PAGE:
Another object of the present invention is to provide a flavoring dispenser which can be placed on the food before the cooking begins, yet will release the flavoring only after the cooking has begun, and which aids in the basting of meats and the like to minimize the amount of moisture lost from the meat during cooking.
A further object of the present invention is to provide a flavoring dispenser which can be used for a variety of different seasonings and flavorings and which can be packaged in a manner for convenient storage and use.
Yet another object of the present invention is to provide a disposable flavoring dispenser which is prepackaged to contain the flavoring or seasoning, and which can be used in conventional cookware without modification thereof, as well as on barbecue grills, in barbecue pits, and the like when conventional cookware is not used.
Additional objects and advantages of the present flavoring dispenser will become apparent from the following detailed description and the accompanying drawings wherein:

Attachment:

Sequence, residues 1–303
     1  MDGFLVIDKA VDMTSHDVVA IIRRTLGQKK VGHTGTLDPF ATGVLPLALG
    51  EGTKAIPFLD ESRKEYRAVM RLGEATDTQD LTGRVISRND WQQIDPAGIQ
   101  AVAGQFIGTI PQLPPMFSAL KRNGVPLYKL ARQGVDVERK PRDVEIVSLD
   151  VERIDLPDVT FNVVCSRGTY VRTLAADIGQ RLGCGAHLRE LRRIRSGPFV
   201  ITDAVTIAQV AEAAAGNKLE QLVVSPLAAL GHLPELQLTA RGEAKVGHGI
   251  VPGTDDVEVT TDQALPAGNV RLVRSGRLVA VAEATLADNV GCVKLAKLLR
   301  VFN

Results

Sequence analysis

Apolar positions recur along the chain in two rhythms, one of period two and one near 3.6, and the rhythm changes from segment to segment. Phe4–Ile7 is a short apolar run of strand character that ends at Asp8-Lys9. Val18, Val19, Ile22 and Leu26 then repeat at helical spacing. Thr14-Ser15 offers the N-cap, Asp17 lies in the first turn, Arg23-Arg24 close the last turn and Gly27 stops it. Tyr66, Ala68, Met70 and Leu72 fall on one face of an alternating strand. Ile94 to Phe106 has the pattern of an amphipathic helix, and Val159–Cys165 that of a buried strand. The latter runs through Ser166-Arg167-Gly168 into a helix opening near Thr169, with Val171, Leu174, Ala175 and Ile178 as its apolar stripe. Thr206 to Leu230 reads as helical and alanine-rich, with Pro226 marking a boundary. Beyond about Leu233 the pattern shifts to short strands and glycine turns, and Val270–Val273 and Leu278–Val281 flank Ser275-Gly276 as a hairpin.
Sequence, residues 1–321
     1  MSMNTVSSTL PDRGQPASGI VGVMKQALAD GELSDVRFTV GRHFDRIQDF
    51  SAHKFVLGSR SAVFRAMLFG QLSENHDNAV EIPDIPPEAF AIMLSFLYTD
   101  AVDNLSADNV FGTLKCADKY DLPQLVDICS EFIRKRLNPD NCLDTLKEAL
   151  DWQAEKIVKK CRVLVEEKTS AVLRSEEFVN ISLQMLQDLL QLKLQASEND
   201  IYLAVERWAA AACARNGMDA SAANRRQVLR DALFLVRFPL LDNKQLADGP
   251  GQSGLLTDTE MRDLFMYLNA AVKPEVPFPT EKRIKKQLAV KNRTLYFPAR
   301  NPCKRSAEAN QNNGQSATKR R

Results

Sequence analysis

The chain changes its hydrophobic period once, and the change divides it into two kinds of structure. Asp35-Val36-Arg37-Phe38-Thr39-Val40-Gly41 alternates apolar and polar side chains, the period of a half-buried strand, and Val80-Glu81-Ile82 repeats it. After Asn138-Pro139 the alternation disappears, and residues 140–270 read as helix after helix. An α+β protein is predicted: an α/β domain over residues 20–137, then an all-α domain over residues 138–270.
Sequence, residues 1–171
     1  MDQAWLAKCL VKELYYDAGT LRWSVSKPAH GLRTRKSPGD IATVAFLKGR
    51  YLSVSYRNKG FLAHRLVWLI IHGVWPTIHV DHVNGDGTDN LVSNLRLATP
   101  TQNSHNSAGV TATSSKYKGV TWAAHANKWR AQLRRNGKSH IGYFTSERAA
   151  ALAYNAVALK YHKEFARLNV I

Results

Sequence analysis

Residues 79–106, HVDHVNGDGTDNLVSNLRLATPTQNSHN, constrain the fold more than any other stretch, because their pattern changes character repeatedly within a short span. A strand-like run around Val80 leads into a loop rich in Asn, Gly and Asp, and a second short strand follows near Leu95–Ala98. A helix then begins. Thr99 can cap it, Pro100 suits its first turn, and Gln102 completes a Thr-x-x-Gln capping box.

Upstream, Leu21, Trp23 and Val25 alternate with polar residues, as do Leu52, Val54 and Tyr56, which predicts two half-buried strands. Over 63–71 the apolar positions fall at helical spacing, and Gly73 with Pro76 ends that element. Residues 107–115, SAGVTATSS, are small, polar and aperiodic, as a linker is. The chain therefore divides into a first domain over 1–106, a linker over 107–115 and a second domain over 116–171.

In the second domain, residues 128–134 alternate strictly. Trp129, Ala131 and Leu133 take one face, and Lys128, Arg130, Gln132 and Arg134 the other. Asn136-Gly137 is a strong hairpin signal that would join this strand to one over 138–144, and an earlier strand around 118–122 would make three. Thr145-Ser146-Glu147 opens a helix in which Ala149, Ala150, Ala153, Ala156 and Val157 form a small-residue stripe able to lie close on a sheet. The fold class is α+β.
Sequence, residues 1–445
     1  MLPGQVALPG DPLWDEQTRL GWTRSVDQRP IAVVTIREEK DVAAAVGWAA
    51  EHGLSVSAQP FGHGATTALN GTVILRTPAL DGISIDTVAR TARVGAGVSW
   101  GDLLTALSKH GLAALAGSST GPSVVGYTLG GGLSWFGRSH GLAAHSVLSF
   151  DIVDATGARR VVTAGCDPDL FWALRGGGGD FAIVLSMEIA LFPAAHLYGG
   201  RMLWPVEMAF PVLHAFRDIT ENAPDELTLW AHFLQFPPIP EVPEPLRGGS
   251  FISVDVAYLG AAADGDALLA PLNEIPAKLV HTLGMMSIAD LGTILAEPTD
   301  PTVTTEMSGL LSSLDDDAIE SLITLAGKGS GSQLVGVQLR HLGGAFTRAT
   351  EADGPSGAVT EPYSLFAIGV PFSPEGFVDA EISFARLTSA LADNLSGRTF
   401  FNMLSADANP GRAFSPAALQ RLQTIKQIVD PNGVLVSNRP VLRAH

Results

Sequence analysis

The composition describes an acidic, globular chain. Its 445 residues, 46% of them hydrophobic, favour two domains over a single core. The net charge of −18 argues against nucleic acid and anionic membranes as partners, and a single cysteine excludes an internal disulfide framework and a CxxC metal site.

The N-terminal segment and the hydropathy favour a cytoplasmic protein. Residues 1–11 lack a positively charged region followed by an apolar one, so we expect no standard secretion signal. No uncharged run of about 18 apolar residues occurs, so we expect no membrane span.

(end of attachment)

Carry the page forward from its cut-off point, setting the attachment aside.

FIG. 1 is a perspective view showing a hamburger in a frying pan, with a flavoring dispenser embodying the present invention placed thereon;
FIG. 2 is a perspective view of the underside of the flavoring dispenser shown in FIG. 1;
FIG. 3 is an enlarged, cross sectional view of the hamburger, dispenser and pan shown in FIG. 1, taken on line 3--3 of the latter figure;
FIG. 4 is a plan view showing the manner in which a plurality of the dispensers may be packaged for convenient storage and use;
FIG. 5 is a perspective view of a modified form of the flavoring dispenser shown in the preceding figures;
FIG. 6 is a perspective view of the modified form shown in FIG. 5 applied to a hamburger; and
FIG. 7 is a vertical cross sectional view of the hamburger and dispenser shown in FIG. 6, taken on line 7--7 of the latter figure.